If I’m not buying that, what AM I buying?? Well, its impossible to say for sure because most companies won’t release their specific formulas. It’s safe to assume that it is some form of PMMA. But how safe is it really? Take a look at this acrylic retainer broken down over time in an oral piercing, vs a titanium piece. Many forms of acrylic have been found to be human carcinogens. A Canadian study published in 2010 found that women who work around and with common synthetic materials could be tripling their risk of breast cancer after menopause. The study covered women working with textiles, particularly those with acrylic fabrics and fibers and nylon fibers. The important take away of this study is that  chemical they attributed to this- acrylonitrile enters our bodies through skin absorption according to the CDC. These women had higher risks from working around fabrics and producing fabrics that contained these chemicals- imagine wearing them in your ears or mouth or nose for extended periods of time! According to the CDC some of the main targeted organs by these chemicals included the skin- exactly what acrylic body jewelry is in contact with most of the time!

What about Bioplast? 

Bioplast/bioflex are names used for plastic body jewelry. These companies assert their materials are implant grade and biocompatible – however they have not released the Material Data Sheets telling people exactly what they are made of. They have no studies verifying they have been put through the same rigorous study and testing as implant grade PMMA. A quick search will show no evidence of FDA or CDC approval of the material either. Unfortunately , there are not great laws about body jewelry advertising or internet advertising . Many companies can claim their jewelry or materials are “safe” “biocompatible ” or “better for healing” without any actual medical or scientific evidence to back these claims. Until these companies can offer irrefutable evidence their materials are safe, it’s simply not worth the risk to potentially wear a known carcinogen.

But I heard Acrylic and Plastic is better for oral piercings to stop you from chipping your teeth?Anything harder then your teeth can chip or damage them- kids hurt their teeth on plastic toys, acrylic brace components, and just eating food the wrong way! The risk of acrylic jewelry breaking down over time and absorbing chemicals makes it not worth wearing. Properly fitted, implant grade titanium jewelry will prevent chipping, as well as being diligent with not playing with or chewing on your jewelry.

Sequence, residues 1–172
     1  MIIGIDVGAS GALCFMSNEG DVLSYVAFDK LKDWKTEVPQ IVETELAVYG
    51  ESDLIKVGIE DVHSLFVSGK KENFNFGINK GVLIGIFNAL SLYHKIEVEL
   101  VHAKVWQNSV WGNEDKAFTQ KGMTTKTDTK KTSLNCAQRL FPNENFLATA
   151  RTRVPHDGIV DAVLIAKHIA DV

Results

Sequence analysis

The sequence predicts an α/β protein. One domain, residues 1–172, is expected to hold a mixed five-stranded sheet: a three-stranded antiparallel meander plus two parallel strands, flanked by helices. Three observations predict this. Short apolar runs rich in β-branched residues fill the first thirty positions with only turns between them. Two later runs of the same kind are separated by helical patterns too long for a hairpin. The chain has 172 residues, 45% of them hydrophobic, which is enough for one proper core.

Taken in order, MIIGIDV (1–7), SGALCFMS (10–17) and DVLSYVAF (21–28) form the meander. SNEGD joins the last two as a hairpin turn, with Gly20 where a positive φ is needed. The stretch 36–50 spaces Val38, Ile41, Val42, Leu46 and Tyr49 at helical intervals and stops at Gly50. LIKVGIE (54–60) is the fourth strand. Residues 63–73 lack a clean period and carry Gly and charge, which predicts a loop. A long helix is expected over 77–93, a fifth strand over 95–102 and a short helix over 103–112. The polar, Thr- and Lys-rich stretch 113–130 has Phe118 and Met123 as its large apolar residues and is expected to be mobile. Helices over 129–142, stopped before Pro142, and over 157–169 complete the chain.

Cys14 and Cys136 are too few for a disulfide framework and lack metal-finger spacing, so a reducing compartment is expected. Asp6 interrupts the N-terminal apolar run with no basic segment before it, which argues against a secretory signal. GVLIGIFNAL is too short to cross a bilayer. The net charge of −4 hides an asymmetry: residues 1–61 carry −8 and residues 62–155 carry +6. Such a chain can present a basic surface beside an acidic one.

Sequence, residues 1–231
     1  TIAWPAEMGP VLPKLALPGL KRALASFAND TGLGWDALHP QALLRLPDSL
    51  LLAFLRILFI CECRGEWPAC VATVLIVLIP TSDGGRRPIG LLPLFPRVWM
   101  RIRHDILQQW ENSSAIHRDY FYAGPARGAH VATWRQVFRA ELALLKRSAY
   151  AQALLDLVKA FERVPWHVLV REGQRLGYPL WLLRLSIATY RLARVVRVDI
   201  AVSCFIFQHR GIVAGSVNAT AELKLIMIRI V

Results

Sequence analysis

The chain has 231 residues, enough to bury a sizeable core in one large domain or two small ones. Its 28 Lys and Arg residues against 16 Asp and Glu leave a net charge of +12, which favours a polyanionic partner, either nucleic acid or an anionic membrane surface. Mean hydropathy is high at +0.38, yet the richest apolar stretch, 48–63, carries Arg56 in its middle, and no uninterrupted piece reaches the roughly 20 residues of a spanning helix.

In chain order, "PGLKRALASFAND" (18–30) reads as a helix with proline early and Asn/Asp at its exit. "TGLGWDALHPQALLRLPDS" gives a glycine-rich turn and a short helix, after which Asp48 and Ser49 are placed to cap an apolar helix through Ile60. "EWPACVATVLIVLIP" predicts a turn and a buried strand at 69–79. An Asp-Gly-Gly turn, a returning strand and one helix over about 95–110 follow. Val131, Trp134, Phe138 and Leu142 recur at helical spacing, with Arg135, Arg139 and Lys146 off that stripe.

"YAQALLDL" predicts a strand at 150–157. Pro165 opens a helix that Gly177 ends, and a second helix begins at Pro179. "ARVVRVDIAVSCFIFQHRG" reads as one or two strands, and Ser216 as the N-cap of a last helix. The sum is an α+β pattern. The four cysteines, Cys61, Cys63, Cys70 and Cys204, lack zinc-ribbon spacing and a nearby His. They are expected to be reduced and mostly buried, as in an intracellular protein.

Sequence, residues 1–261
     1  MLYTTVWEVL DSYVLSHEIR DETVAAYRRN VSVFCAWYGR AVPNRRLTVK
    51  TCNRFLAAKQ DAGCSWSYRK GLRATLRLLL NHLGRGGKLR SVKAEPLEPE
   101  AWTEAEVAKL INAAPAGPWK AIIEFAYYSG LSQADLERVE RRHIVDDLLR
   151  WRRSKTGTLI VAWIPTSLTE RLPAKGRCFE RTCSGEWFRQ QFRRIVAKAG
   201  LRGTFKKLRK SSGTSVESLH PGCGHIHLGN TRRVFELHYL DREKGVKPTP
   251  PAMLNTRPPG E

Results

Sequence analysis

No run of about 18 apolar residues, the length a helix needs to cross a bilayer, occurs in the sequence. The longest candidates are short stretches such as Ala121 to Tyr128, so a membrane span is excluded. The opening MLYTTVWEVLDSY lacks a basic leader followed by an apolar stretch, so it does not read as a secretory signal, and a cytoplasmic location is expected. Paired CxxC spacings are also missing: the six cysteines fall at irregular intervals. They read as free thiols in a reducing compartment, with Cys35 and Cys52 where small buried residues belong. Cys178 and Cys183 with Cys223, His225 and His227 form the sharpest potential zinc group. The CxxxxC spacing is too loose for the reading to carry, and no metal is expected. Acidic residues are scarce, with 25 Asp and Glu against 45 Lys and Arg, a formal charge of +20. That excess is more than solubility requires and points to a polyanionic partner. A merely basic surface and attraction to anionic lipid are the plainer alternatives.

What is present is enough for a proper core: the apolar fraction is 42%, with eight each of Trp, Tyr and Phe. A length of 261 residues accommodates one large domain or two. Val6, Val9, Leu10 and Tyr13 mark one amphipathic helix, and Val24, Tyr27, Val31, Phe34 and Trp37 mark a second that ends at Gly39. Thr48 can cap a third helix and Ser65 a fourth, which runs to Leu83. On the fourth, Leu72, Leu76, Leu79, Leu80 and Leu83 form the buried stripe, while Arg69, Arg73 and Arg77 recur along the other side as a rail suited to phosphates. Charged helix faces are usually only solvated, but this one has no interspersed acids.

I have an MRI/medical procedure, and I can’t wear metal. What can I do? There are a few different choices. First- implant grade titanium is actually MRI and X-ray safe- you can wear that jewelry for most medical imaging! If for a procedure you MUST remove your metal jewelry, there are quartz glass and medical grade silicone retainers from companies like Glasswear Studios, Gorilla Glass, and Kaos Softwear which are safe, non metallic, and perfect for most procedures.

In short, don’t be fooled by tag lines can catchy claims. Acrylic body jewelry is too-good-to-be-true cheap for a reason- it’s not made with safe materials and not intended to be worn in your body for any extended period of time. Ditch the plastic, and invest in some high quality implant grade metals, glass, stone, or other organics, which are safe for long term and short term wear!

Occupational and Environmental Medicine 2010, 67:263-269 doi: 10.1136/oem.2009.049817 *- there are some makers working with safe PTFE and Delrin for large gauge jewelry (plugs, pieces for stretched piercings)  but that is the extent of safe plastic presently in the industry. As far as most standard size piercings, no one is working with safe polymers.

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Brian Clayton
Brian Clayton
17 Απρ 2023

I appreciate the post! Are there any sources for glass jewelry that carry certifications for body-safety? Or is it best to just stick to metals with the appropriate mill certs and ASTM or ISO standards for implant-grades?